One great push factor towards the field, despite the lack of exposure available here, was the influence of my cousins in India who were very interested in computers and logic. I like to think that the cyber-crime shows that I used to binge watch also influenced my choice of profession in some way. *laughs* But on a serious note, hacking or any security work is nothing like how pop culture depicts it to be.
Until recently, there was no specific Information Security major in NUS. My choices were limited to Computer Science or Computer Engineering. I chose Engineering because it gave me a holistic understanding of computers and not just the software component of the field. However, if you know that you interest lies purely in software or firmware, it would be wise to go with Computer Science curriculums. I had no prior inclination towards hardware, firmware or software hence my choice.
Upon choosing Engineering, I went on to take modules in Security and that’s how I landed up at this line of work.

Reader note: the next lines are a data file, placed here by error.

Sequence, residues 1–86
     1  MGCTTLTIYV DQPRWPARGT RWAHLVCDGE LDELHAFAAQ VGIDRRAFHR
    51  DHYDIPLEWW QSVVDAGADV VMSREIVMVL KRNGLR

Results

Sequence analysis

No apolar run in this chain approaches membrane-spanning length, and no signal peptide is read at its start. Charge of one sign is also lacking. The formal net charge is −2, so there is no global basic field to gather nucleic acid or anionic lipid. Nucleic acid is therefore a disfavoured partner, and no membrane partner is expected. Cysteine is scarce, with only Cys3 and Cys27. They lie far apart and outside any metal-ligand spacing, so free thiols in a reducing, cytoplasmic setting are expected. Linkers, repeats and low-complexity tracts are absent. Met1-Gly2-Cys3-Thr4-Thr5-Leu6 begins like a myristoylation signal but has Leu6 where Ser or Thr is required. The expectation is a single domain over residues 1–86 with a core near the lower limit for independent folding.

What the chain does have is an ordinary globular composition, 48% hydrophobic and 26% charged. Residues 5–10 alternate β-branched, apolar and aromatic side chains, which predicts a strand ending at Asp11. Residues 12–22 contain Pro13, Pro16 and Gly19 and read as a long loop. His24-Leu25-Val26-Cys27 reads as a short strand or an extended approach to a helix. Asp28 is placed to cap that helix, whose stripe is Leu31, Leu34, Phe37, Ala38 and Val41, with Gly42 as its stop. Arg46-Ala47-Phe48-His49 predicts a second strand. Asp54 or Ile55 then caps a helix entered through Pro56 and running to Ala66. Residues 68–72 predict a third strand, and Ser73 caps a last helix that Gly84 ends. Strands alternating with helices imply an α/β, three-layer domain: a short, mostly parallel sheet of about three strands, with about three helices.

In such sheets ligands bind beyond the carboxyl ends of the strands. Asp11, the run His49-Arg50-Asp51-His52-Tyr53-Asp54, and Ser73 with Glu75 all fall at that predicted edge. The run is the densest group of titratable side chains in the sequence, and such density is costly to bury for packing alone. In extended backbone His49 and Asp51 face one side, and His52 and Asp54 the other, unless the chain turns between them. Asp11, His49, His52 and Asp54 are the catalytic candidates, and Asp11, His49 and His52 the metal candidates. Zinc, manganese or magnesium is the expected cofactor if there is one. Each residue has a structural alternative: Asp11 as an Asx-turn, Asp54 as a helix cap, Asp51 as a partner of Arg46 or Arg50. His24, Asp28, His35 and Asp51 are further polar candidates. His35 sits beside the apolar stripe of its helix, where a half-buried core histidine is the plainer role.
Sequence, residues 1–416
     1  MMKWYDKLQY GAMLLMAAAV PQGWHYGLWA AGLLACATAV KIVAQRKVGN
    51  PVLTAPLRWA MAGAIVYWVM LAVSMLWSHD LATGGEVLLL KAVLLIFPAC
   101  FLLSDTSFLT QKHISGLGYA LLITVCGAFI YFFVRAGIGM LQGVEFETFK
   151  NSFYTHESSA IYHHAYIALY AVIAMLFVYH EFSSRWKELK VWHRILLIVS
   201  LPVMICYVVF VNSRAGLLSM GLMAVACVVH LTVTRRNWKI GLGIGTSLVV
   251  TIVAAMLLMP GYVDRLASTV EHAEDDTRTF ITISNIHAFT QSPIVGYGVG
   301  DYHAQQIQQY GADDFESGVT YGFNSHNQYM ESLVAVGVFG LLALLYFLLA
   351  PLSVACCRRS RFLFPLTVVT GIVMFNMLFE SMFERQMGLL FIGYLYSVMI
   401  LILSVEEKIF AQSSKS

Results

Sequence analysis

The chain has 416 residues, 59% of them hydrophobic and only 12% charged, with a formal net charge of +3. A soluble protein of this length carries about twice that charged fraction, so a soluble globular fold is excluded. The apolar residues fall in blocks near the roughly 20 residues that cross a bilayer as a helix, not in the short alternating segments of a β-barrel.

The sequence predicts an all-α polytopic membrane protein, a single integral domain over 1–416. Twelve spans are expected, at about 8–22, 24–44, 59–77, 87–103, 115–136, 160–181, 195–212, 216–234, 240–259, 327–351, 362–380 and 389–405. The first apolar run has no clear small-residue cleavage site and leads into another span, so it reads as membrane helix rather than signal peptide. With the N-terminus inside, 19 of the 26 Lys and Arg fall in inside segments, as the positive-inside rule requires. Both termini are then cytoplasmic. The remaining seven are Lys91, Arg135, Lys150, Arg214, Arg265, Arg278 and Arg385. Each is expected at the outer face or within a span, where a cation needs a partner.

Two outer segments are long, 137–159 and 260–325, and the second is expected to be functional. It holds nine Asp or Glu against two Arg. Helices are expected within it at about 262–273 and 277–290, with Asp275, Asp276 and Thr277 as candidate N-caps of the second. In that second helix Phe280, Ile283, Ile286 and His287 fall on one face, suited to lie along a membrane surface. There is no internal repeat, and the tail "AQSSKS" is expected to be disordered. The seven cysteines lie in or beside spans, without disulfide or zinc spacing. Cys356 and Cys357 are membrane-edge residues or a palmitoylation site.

This is not my first job. I used to work at PricewaterhouseCoopers as a Digital Risk consultant. I My foray into a cybersecurity career started with penetration testing. Penetration testing in layman terms is equivalent to “hacking”. Penetration testing is often confused with QA (Quality Assurance). The objective of a pen test is to ensure a given system (application, device or network etc.) are secure (Is the personal user data protected? Can databases be breached?). In contrast, a QA assessment ensures that a system works in accordance to its functional stipulations (for example, submitting a form on a website successfully).
After about 2 years, I moved to Accenture Security. Accenture had recently initiated a security vertical and were hiring actively. The opportunities were tempting and abundant and I’m having a lot of fun learning and growing here.
Most of my peers from my course went into some form of software development work. Also, my chosen profession is one that is not very well-liked by most other computer professional because I make their life harder. *laughs* I find ways to crack their application or make businesses spend money on security.
In this field of work, there isn’t great female participation. I’m not just referring to the information security and computer security sectors – engineering and computing in general. In Singapore, I would estimate that maybe one in three are female.